In the wake of a cappella rush, a hectic time for those involved in, and trying to become a part of, singing extracurriculars at Yale, the new Fox television series Glee has provided some comic relief for students. The show, which premiered on Tuesday night after its pilot release following “American Idol” in May, exceeded the expectations of Yale’s seasoned singers, students interviewed said.

Glee is, if put simply, a mixture between “High School Musical” and “Fame,” with the dry humor similar to “The Office.” Featuring new Broadway musical star Lea Michele, the program is geared toward “Spring Awakening” fans as well as musical theater buffs. So far the show has been described in reviews as offbeat, touching and sexy, for its adult-geared humor yet playful subject matter.

“I thought Glee was going to be awful,” a cappella singer Sarah Rosen ’12 said. “But with talented singers like Lea Michele — I am a fan of Spring Awakening — and witty humor, I think the show was saved. It’s the gender-neutral chick flick TV show that you watch when you need something mindless.”

Just since its premiere, the show has, three students interviewed said, shown the potential to garner a similar cultish obsession to Disney’s trio of high school musicals.

With the fervor of a cappella rush sweeping across campus, the show’s premiere is timely. As Yale freshmen attend all-a cappella concerts, prepare for auditions and callbacks, and go on countless rush meals to become members of one of the 13 official groups on campus, the TV show depicts the struggles of six bottom-feeders trying to make it to the top.

“If you combine the awkwardness of high school and the awkwardness of those who seek refuge in singing in high school, you get some pricelessly entertaining stuff,” a cappella group member Matt Zuckerman ’11 said. “As I’m watching the show, the lengths that certain characters go to ensure their success musically do seem comical, but looking back at the rush process with a distant sense of self, it can kind of shed light upon the craze that’s going on during a cappella rush here.”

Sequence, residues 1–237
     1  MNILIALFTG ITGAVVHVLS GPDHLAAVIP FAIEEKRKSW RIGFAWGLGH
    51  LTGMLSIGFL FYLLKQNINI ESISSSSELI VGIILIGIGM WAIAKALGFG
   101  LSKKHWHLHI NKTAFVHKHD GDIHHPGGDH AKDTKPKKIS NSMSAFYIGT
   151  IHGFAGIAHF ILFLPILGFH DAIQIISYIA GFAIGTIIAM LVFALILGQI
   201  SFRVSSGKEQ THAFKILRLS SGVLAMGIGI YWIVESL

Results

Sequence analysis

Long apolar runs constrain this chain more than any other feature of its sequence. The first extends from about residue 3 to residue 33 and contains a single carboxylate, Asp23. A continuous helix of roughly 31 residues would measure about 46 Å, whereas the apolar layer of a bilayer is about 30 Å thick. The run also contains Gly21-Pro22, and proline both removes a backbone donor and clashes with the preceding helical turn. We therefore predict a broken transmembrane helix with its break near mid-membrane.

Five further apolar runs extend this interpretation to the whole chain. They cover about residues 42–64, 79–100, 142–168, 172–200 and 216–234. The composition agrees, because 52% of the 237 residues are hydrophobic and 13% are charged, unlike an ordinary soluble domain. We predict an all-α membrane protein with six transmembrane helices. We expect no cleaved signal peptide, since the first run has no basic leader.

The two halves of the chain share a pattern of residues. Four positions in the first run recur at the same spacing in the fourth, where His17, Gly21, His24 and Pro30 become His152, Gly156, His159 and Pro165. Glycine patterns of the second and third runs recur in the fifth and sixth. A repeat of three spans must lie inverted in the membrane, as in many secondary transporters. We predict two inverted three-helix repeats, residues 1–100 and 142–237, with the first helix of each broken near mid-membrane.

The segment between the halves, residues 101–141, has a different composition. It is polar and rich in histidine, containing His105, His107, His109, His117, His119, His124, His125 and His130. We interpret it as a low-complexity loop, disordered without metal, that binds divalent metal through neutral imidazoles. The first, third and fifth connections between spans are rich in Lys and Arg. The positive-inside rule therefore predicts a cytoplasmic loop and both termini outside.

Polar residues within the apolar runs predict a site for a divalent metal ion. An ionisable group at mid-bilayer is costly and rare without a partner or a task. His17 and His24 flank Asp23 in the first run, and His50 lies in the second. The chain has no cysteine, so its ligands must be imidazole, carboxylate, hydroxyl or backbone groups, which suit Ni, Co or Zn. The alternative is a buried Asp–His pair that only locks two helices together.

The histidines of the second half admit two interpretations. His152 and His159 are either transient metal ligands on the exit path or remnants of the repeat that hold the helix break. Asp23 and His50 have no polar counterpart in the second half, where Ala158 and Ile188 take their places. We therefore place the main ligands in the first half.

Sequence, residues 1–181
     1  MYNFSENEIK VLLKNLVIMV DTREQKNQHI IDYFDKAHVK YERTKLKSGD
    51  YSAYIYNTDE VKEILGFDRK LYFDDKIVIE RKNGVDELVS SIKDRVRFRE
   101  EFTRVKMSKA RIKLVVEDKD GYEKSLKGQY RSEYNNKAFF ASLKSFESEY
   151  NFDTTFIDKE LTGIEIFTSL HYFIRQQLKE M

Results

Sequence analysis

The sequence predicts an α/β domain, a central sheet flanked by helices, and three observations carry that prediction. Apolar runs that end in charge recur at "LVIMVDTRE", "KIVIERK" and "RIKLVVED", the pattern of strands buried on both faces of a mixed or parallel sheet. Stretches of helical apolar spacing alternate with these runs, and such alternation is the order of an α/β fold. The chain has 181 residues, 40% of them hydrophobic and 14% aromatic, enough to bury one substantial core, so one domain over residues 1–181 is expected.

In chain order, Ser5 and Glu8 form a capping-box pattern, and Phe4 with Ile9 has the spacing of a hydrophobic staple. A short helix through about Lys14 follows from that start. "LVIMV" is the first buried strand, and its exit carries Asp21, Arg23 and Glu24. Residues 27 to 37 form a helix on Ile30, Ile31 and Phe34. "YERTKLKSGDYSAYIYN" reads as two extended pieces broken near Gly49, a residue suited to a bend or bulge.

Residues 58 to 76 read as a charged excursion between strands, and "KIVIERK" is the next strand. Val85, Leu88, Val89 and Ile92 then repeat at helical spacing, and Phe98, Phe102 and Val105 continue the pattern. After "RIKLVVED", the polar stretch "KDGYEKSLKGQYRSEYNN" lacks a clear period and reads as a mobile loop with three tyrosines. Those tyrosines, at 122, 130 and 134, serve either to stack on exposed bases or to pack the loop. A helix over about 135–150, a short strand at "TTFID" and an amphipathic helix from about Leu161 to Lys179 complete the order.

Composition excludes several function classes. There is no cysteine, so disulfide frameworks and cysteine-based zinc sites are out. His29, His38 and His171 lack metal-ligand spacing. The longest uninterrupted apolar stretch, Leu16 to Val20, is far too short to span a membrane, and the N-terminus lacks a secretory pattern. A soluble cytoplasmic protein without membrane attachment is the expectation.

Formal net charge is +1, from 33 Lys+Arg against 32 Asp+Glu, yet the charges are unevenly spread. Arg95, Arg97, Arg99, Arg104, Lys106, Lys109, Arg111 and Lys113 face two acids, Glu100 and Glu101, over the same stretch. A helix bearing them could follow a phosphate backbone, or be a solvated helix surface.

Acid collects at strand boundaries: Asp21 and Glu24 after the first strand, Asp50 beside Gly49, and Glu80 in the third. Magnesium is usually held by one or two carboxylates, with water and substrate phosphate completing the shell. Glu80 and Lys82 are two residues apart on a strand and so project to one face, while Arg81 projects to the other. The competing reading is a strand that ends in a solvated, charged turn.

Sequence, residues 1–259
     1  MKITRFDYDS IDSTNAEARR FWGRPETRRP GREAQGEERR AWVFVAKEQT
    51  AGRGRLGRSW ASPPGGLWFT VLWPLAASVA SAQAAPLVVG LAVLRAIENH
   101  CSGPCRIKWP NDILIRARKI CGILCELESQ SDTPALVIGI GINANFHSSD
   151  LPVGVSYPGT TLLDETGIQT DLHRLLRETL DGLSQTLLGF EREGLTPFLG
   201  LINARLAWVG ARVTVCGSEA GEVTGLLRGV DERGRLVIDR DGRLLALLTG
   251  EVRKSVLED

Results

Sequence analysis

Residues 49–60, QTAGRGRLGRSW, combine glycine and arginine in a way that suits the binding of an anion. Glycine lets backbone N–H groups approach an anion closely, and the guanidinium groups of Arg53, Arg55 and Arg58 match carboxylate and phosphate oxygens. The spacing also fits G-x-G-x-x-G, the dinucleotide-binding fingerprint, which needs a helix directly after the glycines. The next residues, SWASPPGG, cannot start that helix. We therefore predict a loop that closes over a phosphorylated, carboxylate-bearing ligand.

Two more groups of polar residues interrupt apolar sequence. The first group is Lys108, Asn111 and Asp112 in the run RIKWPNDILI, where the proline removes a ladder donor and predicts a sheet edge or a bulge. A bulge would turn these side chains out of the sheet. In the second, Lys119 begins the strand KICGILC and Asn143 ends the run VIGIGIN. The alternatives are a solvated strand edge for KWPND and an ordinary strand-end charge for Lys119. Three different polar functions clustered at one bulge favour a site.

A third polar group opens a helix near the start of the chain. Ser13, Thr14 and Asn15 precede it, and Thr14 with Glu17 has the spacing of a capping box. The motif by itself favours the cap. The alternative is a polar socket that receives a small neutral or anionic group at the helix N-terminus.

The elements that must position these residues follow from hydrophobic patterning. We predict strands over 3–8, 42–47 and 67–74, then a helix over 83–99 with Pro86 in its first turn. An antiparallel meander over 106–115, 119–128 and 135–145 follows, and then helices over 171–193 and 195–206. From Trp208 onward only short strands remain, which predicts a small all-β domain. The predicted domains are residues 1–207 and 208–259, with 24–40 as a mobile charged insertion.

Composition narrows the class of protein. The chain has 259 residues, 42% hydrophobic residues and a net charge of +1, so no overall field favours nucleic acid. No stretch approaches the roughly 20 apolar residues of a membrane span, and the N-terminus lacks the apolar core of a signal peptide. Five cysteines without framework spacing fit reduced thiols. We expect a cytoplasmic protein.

Part of the humor of the show is that it in no way tries to present realistic images of high school or glee club. The cast is comprised of a group of stereotypes including the over-achiever, the hot jock, the catty cheerleader, the disabled dork, the overweight black girl, the gay man and the trendy Asian chick.

It is no question that the program is campy. But while the cheesy plays upon itself are consistent with the nature of the show, Aneka Roberts ’09, a former a cappella singer, said the stereotypes go too far.

“The big, black girl with the strong voice is stereotypical and unfortunate,” Roberts said. “But, really, my main problem is that, as a fan of “High School Musical,” I recognize that Glee is geared toward the 18–to–26 age range, whereas HSM is purely for children and is therefore a guilty pleasure.”

For the other a cappella singers interviewed, the likeable and comedic characters will put a cappella on the map.

“At Yale, we live in this strange reality where singing and a cappella, and even Glee Club, are ‘cool’ so we’d love to be able to claim the hilarity of the show,” Zuckerman said.